“Global equity markets have been able to look through the bearish threat from the spreading Covid-19 with nearly all indexes, excluding the CSI and the Shanghai Comp, higher on the month.
“Optimism that the virus won’t become a pandemic, and that the impact will be transitory (and fairly modest outside of China) are supportive. And helping underpin that hopeful outlook is the hefty amount of liquidity in the system, along with expectations for ongoing support from monetary policy. The PBoC’s injections have indicated that this is its ‘whatever it takes’ moment. Chair Powell essentially confirmed in his testimony that rates will remain lower for longer. However, some distrust over China’s handling of the virus, weaker Q4 growth data out of Europe, and disappointing U.S. sales and production figures will sustain a cautious tone near term.” (Action Weekly! [by subscription only], Feb. 16, 2020)
The market outlook has become extremely momentum-driven and foresees higher stock prices in 2020. Other issues (politics, oil and commodity prices, labor force weakening, inflation) are still around in the background and can exert powerful effects at any time. But right now, COVID19 has put all central banks on the stimulus track, and the growth of world liquidity is driving stock prices higher and keeping bond yields very low. At Cumberland we are nearly fully invested in our US ETF strategies, and our quantitative strategies are fully invested and positioned offensively. On February 1, 2020, our quant strategy completed four years of GIPS-verified results. We can send the public disclosure to anyone interested in a review.
So add low interest rates to suppressed inflation (temporarily) coupled with slowing worldwide growth, and we get a powerful upward force for stock prices. Our upside target for the S&P 500 Index is now 3600 or higher.
Let’s think of that in the following way. We reduce the 2020 earnings estimate because of coronavirus shocks. We are taking our estimate for the 2020 calendar year down to $165 with a plus or minus range of $4. But we are also lowering the equity risk premium (ERP), which translates into raising the P/E of those earnings. Here’s why.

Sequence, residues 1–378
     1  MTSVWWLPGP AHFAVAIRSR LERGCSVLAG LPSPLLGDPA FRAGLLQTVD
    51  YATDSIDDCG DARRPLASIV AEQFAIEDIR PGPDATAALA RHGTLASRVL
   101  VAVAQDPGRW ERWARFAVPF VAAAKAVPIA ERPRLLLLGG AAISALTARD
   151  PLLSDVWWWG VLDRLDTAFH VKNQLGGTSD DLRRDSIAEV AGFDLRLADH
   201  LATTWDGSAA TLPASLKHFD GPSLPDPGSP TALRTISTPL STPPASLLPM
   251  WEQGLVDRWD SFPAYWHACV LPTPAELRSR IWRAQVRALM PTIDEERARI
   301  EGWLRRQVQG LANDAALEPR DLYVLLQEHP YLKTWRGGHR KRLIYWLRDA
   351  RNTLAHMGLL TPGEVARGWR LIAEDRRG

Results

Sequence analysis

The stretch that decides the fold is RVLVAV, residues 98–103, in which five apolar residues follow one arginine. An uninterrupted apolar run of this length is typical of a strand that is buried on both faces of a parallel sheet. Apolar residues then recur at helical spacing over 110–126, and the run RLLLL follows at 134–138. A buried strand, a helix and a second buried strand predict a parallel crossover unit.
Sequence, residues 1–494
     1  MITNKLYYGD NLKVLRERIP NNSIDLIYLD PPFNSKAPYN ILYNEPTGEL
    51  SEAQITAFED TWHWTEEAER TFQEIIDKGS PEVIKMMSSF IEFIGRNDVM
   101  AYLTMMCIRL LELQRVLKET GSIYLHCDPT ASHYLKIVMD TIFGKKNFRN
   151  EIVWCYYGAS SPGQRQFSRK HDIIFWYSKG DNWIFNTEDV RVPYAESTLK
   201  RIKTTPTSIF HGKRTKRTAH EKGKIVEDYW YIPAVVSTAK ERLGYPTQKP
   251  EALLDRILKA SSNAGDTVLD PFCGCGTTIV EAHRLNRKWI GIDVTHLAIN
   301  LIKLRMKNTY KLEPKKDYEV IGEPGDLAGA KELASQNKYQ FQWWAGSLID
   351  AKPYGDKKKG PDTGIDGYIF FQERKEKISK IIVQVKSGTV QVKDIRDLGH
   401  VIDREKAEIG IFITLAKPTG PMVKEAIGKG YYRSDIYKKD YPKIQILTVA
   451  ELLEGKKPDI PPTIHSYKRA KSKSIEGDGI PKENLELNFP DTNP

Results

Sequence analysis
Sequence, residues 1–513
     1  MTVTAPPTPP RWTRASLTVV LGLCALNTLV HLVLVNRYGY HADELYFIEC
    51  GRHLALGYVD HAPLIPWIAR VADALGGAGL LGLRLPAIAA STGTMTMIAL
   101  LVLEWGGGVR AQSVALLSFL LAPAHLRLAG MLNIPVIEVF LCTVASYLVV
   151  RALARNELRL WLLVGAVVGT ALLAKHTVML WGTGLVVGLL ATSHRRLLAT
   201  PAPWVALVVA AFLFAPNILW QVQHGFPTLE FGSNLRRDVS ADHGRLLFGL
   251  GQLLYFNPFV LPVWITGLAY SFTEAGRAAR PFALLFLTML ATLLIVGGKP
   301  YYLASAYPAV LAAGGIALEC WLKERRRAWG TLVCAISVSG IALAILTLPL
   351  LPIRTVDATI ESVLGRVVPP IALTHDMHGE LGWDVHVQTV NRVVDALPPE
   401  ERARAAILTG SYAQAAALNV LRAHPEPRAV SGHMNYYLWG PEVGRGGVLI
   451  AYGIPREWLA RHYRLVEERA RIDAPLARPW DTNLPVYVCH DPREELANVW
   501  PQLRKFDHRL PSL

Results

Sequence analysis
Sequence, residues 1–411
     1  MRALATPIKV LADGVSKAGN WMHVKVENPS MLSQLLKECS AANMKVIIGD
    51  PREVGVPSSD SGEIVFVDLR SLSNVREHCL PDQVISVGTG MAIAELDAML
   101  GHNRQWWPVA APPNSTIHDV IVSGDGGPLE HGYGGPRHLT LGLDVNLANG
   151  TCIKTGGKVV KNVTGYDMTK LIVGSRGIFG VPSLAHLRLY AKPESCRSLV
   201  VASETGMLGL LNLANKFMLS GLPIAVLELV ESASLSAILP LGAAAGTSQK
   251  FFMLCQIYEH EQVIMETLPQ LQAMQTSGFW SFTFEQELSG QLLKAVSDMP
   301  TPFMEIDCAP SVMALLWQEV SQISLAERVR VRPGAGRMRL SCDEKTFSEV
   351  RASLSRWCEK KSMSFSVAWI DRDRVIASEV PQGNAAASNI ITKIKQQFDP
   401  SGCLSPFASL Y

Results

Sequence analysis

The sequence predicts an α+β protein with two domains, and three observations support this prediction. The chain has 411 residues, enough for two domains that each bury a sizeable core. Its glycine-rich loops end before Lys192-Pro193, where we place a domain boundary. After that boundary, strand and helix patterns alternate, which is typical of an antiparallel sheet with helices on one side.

Older models of ERP calculations would have kept you out of the stock market for some time now and would still keep you out. Why? Because they were derived when both inflation and interest rates were higher. Does a 300-basis-point ERP apply when the running 10-year Treasury yield is around 1.5-2%? It did apply when that yield was 4%. But should it now be reduced?
We think the answer is yes, if one believes the 10-year yield is now likely to hover around 2% or even lower. The coronavirus has pushed out any rise in interest rates and has added a lot of liquidity fuel from central banks. So we believe the ERP must be smaller now.
Consider what it would mean if the ERP were 200 instead of 300 basis points. Apply a 25 running P/E to our earnings estimate. 4% earnings yield minus 200 basis points of ERP is the base case for a 25 p/e. It is easy to see how the S&P 500 can trade between 3600 and 4000 even as the coronavirus reduces 2020 earnings. Please note that at that S&P 500 level, the yield on the S&P index is about equal to or above the yield on the 10-year Treasury.
So, we’re leaning to full investment in our portfolios. We don’t like a natural disaster that is sickening many and killing folks every day. We think the spread of the virus will continue. We’ve seen credible estimates as high as an eventual 4-5 million cases and a baseline 2% to 4% fatalities rate worldwide.
But the investment outlook now is for a massive central bank liquidity response, and that means higher multiples for stock markets around the world.
Of course, things could change at any time. The same is true for our managed portfolios.
Wuhan Coronavirus Series
by David R. Kotok
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